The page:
And here is the original, now more dug out, area after some rain:

And here the new area after that rain:

It rained quite a bit last year and the Lord graciously filled the new area up to about 2 feet from the top of the draining side. However, with the newly placed dirt, much of it leaked through the sides at the bottom. I also need to go back and reshape some of the walls a little, now that I’ve had the opportunity to see the water levels around the banks. And so, we are praying that eventually the dirt settles and that the Lord over time graciously fills it back up, granting us this second resource for water and hopefully another source of food.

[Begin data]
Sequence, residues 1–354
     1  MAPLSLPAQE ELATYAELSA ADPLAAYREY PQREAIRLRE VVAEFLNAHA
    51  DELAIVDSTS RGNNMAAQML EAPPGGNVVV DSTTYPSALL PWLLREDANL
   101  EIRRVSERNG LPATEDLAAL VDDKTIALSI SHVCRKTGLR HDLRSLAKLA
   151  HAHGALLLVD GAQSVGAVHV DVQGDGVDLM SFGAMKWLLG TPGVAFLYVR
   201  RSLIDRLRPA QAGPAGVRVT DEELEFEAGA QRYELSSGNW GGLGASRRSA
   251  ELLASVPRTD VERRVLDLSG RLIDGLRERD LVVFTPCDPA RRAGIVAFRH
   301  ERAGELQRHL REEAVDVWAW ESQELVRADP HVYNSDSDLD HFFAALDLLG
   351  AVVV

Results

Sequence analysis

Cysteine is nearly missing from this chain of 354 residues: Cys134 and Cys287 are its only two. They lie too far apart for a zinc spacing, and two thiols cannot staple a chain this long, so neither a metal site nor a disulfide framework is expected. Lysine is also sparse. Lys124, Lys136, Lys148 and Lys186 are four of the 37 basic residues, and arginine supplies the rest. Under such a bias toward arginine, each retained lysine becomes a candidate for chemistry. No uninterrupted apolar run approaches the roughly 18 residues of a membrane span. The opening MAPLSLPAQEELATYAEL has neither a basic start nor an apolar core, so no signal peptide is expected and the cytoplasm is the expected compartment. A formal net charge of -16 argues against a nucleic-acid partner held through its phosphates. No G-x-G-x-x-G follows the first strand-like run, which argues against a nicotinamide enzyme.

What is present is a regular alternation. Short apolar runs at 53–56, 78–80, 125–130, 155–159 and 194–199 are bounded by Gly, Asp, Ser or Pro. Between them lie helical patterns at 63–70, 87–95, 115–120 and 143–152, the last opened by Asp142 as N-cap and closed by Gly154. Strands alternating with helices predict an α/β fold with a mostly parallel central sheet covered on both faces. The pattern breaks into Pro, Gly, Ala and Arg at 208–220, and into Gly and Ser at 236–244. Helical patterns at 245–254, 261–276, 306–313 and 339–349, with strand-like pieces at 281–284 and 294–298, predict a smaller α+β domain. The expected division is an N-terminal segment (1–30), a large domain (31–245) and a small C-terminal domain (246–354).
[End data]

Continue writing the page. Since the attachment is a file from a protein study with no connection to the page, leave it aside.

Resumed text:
— David

Storing Rain

After our previous attempts at drilling a well with no success, having water on the land became a focus of primary importance. We had been buying water from purifying stations, but that obviously wasn’t a long-term solution.

If you ask the typical person today where they get their water, they’d say the tap. I’d bet though most of those people never really consider from where THAT water comes. Well, when you have no water on your land, and you need some (because generally a person does 😉 ), you need to consider ways to have it available.